A violent offender who beat his girlfriend to death in East Vancouver will have to serve 21 years of his life sentence before he is eligible for parole.

Daniel Alphonse Paul, who has a history of violence against women, was convicted of second-degree murder in the 2015 death of Crystal Rose Paull, a mother of five and a grandmother.

The conviction comes with an automatic life sentence, but the court decided Friday how much of that sentence Paul will have to serve before he can apply for parole.

During a hearing on Monday, Crown lawyers asked that Paul spend between 20 and 25 years in prison before he is eligible to apply for parole. The defence argued for 15 years.

The victim's family said they are happy with Friday’s decision.

"Our family can start to heal all the hearts that shattered through this whole ordeal," said Charles Paull, Crystal’s older brother. "It's been years of waiting just to hear those words. This whole ordeal has been really trying on our family."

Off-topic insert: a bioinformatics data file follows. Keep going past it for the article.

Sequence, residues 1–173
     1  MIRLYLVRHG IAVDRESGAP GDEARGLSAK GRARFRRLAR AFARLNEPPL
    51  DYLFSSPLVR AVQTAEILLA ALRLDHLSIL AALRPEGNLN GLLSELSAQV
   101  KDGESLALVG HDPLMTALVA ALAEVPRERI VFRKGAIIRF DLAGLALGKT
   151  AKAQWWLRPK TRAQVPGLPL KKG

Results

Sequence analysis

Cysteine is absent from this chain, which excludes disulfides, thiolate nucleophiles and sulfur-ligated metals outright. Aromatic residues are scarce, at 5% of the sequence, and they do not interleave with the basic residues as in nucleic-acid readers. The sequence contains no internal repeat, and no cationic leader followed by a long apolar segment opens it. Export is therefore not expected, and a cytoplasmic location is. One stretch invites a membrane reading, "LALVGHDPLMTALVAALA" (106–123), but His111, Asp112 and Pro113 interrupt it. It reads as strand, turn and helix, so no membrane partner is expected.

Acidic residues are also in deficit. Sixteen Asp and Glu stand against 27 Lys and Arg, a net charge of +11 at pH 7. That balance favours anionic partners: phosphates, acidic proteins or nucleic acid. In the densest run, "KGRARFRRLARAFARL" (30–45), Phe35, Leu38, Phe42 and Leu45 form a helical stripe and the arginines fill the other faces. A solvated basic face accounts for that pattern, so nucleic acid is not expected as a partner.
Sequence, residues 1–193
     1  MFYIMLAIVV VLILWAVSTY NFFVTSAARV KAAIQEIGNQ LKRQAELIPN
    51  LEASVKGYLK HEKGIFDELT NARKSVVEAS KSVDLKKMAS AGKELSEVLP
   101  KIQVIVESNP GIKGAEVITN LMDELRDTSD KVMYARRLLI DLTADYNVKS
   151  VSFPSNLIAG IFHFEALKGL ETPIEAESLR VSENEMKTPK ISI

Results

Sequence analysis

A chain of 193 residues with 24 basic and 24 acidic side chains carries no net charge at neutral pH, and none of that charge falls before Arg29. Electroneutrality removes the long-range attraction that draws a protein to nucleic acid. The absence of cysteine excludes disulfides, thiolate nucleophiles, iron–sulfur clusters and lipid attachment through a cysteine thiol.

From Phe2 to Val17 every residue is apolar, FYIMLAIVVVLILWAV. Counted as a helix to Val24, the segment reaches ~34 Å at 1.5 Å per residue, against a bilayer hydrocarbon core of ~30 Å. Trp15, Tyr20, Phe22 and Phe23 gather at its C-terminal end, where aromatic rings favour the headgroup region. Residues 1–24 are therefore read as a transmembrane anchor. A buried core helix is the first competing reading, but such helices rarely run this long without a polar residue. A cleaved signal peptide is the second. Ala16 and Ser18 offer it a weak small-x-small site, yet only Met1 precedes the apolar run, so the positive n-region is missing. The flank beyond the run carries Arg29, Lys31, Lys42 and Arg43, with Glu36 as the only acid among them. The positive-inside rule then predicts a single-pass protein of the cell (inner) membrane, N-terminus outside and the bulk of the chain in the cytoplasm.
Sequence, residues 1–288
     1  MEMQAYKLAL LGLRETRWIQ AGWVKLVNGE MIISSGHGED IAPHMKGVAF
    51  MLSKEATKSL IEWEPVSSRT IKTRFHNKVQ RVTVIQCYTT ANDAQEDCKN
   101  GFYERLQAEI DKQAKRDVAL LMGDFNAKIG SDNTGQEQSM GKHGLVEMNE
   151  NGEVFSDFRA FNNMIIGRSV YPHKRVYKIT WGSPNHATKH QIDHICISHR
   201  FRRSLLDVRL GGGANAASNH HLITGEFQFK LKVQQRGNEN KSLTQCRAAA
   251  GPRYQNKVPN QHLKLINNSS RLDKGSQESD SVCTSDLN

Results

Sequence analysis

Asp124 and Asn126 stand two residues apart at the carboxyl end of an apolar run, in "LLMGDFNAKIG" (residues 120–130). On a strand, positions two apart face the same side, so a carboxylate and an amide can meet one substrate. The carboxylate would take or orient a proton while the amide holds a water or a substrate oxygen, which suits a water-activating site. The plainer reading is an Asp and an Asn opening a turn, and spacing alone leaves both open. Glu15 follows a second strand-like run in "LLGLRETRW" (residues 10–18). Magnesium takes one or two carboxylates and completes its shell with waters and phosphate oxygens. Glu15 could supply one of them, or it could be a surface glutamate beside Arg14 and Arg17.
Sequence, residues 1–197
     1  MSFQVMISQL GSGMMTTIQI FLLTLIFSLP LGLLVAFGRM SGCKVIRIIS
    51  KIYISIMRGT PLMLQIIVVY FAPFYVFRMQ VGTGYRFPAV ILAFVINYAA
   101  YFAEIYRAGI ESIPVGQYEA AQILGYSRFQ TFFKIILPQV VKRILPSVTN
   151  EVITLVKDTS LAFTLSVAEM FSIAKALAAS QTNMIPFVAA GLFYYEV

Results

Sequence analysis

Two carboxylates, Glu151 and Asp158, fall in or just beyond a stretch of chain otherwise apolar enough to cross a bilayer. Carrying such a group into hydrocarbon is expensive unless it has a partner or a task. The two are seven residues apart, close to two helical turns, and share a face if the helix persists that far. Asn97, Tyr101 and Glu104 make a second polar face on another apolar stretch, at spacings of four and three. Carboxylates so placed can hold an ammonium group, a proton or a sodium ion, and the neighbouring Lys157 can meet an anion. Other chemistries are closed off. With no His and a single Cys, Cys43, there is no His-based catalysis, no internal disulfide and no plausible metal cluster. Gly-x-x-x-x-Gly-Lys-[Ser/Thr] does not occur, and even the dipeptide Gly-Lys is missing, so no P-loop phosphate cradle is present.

He added that he doesn't believe Paul feels any remorse for the crime and that this day should have come sooner.

"(Paul) has hurt many women over his life and the system failed many, many times," he said.

Outside the courthouse, relatives shared fond memories of the victim.

"We loved her. She was so kind. She was real soft-hearted and there's not a bad thing you could say about her. She would be helpful for anybody," said Irene Smith, Paull's aunt.

During trial, the court heard that Paul lived with the decomposing body of his victim for weeks before she was found.

The court also heard that Paul contacted other women within hours of killing his girlfriend, used her bank card and lied to one of her children about her whereabouts.

With files from CTV Vancouver's Maria Weisgarber